Timbuktu, Mali is one of the historic and majestic cities of Islamic and Muslim cultural heritage, indeed world heritage. For years it bloomed as a center of learning in the disciplines of mathematics, astronomy, physics, philosophy, gnosticism and theology. Mansa Musa, one of the greatest kings of the medieval era built his grand palace in the city, making it a center of trade, knowledge and commerce.
The past year has seen Mali tragically wracked by dangerous instability. Long simmering ethnic divisions have simmered into an insurgency boosted by NATO weapons (used in the war in Libya that ousted Col.Gaddafi) against a corrupt government overthrown in a military coup.
A brutally reckless and religiously illiterate grouping of militant Salafists stepped in to take advantage of the turmoil, in the process destroying ancient tombs of revered saints, applying an unjust and by all reports bastardized form of “Shariah,” and until a few days ago they were thought to have burnt down thousands of ancient manuscripts (see article below).
It must be pointed out that the insurgency is not one that is simply broken down into terrorists vs. the government or Islamists vs. Secularists. In the fog of violence what is clear is that all sorts of elements are mixed into the hostilities between the state of Mali and insurgents, present are: aggrieved state workers, drug smugglers, criminal gangs, nationalists and militant Salafi-Islamists.
France’s entry into Mali has been widely reported as a positive, successful operation but it is not one that is being done for altruistic purposes or as France portrays it: doing their part in the “global War on Terror.” Let us have no illusions about it, France is in Mali to secure its interests (precious resources), as Tariq Ramadan masterfully points out in his article Mali, France and the Extremists(original in French). This is made even more clear when we realize that France had in the case of Libya, and still is in Syria, supporting “rebel” groups explicitly allied to or ideologically aligned with AlQaeda.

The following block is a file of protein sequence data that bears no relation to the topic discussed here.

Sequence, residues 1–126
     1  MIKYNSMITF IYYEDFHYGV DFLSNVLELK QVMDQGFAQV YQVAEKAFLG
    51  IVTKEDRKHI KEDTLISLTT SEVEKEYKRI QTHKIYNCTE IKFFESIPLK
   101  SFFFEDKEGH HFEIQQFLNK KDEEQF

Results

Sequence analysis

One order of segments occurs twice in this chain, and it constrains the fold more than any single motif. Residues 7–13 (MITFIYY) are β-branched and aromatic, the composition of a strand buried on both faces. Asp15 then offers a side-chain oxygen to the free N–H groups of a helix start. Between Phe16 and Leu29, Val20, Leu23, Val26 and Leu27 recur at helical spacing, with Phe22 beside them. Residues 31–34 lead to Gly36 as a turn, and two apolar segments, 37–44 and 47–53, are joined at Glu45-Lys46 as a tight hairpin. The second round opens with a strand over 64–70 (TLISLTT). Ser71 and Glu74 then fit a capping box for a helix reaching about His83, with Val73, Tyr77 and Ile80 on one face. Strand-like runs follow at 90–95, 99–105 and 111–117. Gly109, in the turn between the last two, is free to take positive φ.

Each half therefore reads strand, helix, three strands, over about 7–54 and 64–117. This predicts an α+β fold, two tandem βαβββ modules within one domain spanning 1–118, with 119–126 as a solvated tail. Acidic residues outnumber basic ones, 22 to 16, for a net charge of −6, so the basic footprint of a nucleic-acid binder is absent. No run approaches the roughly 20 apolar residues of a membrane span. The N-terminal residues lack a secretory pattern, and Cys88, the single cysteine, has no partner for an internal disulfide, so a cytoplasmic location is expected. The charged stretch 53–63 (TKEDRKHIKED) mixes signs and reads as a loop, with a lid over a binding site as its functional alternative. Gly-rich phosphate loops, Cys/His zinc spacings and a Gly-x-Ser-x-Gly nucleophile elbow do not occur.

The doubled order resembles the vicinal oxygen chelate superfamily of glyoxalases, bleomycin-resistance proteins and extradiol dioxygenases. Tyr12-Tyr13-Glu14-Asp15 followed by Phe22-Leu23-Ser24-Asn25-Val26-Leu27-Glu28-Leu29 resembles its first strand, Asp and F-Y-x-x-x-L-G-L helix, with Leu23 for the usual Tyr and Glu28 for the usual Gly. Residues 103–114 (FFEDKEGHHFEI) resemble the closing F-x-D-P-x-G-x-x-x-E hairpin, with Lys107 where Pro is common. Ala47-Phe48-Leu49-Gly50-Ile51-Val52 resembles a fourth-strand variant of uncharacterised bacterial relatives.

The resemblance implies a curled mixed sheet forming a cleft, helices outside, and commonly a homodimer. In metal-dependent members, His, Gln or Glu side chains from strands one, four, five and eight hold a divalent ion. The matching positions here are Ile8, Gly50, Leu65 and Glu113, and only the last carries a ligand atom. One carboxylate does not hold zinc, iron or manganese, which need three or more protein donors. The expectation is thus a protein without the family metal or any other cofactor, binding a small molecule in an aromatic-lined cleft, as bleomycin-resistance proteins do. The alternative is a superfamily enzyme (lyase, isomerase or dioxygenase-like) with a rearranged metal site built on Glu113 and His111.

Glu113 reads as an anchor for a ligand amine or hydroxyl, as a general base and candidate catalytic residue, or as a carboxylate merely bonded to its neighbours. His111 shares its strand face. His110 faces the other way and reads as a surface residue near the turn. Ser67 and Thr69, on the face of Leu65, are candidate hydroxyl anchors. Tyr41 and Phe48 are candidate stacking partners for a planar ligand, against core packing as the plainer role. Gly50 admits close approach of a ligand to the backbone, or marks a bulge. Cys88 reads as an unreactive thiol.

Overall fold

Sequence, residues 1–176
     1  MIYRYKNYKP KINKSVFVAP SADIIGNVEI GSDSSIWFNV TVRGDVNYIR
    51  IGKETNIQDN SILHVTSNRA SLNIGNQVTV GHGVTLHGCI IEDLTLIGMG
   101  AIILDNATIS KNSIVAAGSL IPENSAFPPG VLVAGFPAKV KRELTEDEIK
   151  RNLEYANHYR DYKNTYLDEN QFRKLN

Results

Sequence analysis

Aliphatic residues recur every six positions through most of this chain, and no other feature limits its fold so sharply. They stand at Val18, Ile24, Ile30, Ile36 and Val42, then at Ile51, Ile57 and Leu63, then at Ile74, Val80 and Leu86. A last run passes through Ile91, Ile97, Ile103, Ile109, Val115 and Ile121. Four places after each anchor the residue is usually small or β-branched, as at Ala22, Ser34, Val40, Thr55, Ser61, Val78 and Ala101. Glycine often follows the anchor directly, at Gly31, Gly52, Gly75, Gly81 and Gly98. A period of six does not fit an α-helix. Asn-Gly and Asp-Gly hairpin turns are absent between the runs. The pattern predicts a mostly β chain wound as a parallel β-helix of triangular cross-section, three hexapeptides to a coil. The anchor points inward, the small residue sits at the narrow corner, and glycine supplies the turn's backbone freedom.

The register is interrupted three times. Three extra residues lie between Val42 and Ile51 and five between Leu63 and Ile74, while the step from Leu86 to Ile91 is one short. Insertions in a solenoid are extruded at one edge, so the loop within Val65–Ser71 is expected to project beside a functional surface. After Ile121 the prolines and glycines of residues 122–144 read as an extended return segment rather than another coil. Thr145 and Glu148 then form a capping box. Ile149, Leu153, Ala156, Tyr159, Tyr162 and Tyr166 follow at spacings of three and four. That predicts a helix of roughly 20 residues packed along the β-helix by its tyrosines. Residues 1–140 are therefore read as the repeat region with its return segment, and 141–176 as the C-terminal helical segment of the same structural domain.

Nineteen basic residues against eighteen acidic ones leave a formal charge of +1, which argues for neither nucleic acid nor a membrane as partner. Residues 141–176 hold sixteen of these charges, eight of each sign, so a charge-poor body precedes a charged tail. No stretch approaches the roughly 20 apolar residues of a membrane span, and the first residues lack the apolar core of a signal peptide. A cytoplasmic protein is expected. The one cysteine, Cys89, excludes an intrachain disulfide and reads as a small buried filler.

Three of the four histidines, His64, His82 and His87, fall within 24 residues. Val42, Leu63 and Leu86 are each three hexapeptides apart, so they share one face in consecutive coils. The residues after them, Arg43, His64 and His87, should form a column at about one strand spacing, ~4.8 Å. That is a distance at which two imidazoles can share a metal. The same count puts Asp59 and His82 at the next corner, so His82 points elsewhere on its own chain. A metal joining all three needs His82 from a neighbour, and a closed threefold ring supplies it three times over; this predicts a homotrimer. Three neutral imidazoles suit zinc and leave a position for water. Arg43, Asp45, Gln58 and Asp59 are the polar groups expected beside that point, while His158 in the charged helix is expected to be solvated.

Thankfully, intrepid citizens secured Timbuktu’s treasures over a year ago. (h/t: Rizwan)
(The American Interest)
Once again civilization survives barbarism: Timbuktu’s ancient literary treasures were not destroyed after all. In a classic example of how the uncertainty of war can make bad reporters of us all, local accounts apparently vastly exaggerated the damage done to the city’s legendary library. Not only was the place not burned to the ground—as the city’s mayor claimed—but the manuscripts themselves were removed from the library by Malians last year. The Daily Maverick reports:
Preservationists in Mali told Walt that a large-scale rescue operation was executed early last year and thousands of manuscripts were hauled out of the Ahmed Baba Institute [the name of the library that housed the manuscripts] to a safe house elsewhere. “Realising that the documents might be prime targets for pillaging or vindictive attacks from Islamic extremists, staff left behind just a small portion of them, perhaps out of haste, but also to conceal the fact that the centre had been deliberately emptied,” Walt said. . . .
Other reports now suggest just 2,000 manuscripts were kept at the Ahmed Baba Institute while a further 28,000 were transferred safely to Bamako last year. According to these reports, efforts to save the manuscripts began as soon as northern Mali fell to Tuareg rebels last year. So while some manuscripts may have been destroyed, or looted, by fleeing rebels, the bulk of the collection appears to have been saved.
Though of course the loss of even some of the the manuscripts is tragic, we are greatly relieved that the majority of the collection has been saved. We are also inspired by the example of decency and courage displayed by the citizens who saved these treasures.